Consideration by the committee
The Fees Appeal Committee convened to consider the appeal on 7 May 2021 and considered the following documents before arriving at their decision:
- GFS Manual of Guidance scheme D
- Taxation note from Counsel 20 February 2021
- Final CPS written reasons 26 March 2021
- Response from chambers 30 March 2021
The Committee considered the information advanced by counsel as well as all the other documentation listed above, including the relevant paragraphs of the Manual of Guidance.
Counsel and the CPS agree that at least some of the electronic material in this case was printed and served as evidence – it is referred to in counsel’s note as “the Prosecution Schedules”. That evidence was counted towards the number of pages of prosecution evidence for the purpose of paragraph 58 MOG. In the view of the Panel, that was correct, in accordance with paragraph 71(b) MOG.
The CPS and counsel disagree about the remaining electronic material. Counsel asserts that all of the electronic material was served in evidence –saying that, “the discs were served as part of the evidence upon which the Prosecution relied. They were the raw phone data which provided the evidential foundation for the Prosecution Schedules”. It is clear from counsel’s own note, however, that not all the electronic material was evidence. In paragraph 7(a) of counsel’s note, for example, counsel refers to the extraction of material from the discs for use in the jury material and in paragraph 7(c) counsel distinguishes between those downloaded communications “which ought to be placed before the jury, as opposed to those which would not”, referred to as the whittling down of the electronic material. That is consistent with the CPS’s note, which refers to “extracts” from the discs of electronic materials being formally served as evidence.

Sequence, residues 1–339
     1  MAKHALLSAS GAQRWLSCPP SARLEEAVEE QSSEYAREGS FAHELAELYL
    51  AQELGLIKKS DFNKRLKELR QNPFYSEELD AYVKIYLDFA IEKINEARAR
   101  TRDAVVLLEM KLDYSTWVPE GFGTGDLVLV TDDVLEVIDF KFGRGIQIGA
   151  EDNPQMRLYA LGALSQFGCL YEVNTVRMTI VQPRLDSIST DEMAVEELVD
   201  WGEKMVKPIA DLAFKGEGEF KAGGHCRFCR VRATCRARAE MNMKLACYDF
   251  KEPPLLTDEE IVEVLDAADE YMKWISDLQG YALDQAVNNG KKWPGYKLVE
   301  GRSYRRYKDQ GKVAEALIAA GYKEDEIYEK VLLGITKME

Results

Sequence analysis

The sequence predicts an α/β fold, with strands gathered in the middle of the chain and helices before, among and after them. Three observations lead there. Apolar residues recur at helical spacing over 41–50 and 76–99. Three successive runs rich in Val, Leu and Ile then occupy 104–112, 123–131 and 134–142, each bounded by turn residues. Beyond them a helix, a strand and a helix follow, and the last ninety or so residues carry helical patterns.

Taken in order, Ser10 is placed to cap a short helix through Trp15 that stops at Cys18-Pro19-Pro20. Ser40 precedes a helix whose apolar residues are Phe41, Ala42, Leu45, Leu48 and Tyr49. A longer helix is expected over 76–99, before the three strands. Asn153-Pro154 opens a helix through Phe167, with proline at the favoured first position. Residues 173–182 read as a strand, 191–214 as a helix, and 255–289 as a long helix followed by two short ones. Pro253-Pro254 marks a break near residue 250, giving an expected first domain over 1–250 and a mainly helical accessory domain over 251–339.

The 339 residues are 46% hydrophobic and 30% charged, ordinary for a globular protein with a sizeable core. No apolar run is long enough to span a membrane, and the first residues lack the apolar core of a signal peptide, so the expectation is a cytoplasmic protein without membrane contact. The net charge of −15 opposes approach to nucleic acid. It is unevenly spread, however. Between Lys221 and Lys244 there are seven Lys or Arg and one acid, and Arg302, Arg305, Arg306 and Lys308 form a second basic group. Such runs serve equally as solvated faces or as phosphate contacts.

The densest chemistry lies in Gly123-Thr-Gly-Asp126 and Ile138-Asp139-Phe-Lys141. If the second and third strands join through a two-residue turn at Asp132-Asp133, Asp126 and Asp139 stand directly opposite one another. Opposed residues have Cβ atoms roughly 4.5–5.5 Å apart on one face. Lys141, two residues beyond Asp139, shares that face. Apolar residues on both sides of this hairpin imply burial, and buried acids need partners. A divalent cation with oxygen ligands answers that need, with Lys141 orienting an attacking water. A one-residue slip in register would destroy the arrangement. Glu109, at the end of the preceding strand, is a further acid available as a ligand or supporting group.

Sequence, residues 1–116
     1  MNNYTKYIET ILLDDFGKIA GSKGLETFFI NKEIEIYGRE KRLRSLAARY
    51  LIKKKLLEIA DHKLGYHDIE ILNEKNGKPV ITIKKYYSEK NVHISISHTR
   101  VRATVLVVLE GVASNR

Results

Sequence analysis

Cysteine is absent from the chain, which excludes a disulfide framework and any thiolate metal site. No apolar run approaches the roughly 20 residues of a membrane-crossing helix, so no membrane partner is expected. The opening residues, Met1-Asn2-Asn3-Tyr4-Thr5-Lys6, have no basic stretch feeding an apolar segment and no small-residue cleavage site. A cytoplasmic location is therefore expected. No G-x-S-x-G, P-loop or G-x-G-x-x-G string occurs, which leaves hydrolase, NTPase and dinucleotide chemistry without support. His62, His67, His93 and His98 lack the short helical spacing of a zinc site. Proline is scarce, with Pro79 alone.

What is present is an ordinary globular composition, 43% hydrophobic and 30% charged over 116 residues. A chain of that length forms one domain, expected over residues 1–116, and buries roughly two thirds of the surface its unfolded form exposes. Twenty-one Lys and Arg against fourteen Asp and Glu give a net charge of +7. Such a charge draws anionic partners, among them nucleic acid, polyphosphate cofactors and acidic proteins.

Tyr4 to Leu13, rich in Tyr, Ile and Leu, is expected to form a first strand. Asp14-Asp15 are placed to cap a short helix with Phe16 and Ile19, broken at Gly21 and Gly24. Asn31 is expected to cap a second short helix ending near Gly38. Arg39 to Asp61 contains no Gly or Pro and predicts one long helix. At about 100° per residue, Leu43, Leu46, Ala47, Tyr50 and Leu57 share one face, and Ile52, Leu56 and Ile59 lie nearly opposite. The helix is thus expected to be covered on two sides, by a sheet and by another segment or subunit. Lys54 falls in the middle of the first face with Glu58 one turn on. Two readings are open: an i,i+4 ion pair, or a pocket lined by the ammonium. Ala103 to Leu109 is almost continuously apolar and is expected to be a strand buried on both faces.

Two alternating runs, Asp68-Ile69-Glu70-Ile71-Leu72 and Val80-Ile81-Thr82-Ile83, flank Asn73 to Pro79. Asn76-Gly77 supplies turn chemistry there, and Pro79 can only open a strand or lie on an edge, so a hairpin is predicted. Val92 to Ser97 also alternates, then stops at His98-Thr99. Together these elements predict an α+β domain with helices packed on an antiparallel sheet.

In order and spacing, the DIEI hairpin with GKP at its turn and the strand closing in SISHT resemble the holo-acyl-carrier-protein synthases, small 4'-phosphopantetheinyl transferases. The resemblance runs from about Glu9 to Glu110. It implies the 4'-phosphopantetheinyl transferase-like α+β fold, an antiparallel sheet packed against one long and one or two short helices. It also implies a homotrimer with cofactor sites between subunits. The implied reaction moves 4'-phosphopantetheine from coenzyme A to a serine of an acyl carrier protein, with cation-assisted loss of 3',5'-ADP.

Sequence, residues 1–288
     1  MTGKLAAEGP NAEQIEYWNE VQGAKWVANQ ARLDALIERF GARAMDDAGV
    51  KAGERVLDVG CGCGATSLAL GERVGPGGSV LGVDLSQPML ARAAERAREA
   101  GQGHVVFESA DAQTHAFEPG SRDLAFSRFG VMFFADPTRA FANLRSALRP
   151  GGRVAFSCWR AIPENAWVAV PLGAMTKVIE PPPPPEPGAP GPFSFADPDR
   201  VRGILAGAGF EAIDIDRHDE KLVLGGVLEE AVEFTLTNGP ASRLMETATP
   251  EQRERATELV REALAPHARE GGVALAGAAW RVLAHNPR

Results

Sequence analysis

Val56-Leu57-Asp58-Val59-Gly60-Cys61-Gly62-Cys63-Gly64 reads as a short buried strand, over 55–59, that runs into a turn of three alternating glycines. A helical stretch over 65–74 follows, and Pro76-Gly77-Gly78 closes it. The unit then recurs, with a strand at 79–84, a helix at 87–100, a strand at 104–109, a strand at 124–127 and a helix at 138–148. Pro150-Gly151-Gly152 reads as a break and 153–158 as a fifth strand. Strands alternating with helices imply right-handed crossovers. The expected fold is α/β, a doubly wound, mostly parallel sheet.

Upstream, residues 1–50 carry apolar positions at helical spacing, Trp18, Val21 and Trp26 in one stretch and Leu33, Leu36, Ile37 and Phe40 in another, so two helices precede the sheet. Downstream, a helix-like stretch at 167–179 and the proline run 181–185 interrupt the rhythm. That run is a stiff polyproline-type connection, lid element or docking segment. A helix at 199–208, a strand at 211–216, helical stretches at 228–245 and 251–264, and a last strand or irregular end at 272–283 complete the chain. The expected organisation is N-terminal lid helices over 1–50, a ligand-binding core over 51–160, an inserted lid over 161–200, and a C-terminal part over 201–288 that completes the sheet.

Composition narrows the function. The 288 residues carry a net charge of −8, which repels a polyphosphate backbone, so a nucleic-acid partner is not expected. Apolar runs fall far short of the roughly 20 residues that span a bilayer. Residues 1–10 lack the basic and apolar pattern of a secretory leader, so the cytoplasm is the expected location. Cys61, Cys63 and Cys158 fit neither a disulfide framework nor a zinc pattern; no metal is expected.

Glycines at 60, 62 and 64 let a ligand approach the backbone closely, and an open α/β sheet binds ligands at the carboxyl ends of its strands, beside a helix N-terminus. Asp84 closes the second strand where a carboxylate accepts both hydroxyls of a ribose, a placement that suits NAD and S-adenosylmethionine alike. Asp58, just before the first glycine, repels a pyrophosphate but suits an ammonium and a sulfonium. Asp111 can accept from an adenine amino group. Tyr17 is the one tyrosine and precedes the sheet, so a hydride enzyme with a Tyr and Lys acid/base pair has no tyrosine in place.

It is the view of the Committee that counsel is incorrect when it is asserted that the discs were “served as … evidence”. Some of the material on the discs was formally served in evidence as part of the prosecution schedules, but the remainder of the material on the discs formed unused material. The entirety of the discs were not, therefore, “served in evidence” on the defence. Only that material which was relied on as evidence was formally served (via the prosecution schedules). That material, having been printed and served, was counted towards the number of pages of prosecution evidence under the paragraph 71(b) MOG. The remainder of the material on the discs was unused material and disclosed to the defence as such. It being unused material, it was not relevant to the calculation of counsel’s fee (see paragraphs 73 and 74 MOG).
Counsel also points to paragraph 71(b) MOG, which refers to “telephone data […] served on disc”, to substantiate the submission that the entirety of the discs were served in evidence (paragraph 13, counsel’s note). This is a misreading of the meaning and effect of paragraph 71(b) MOG. That paragraph merely gives examples of the kinds of electronic media material that may be served in evidence (as is clear from use of the words “such as”). It does not suggest that whenever such material is present in a case it necessarily has the status of formal evidence. Indeed, paragraph 73 MOG expressly recognises that electronic material may amount to unused material and not evidence.
For reasons outlined above the appeal is dismissed.
The Committee was content that the CPS have applied the guidance around both used and unused electronic material from the MOG Scheme D correctly.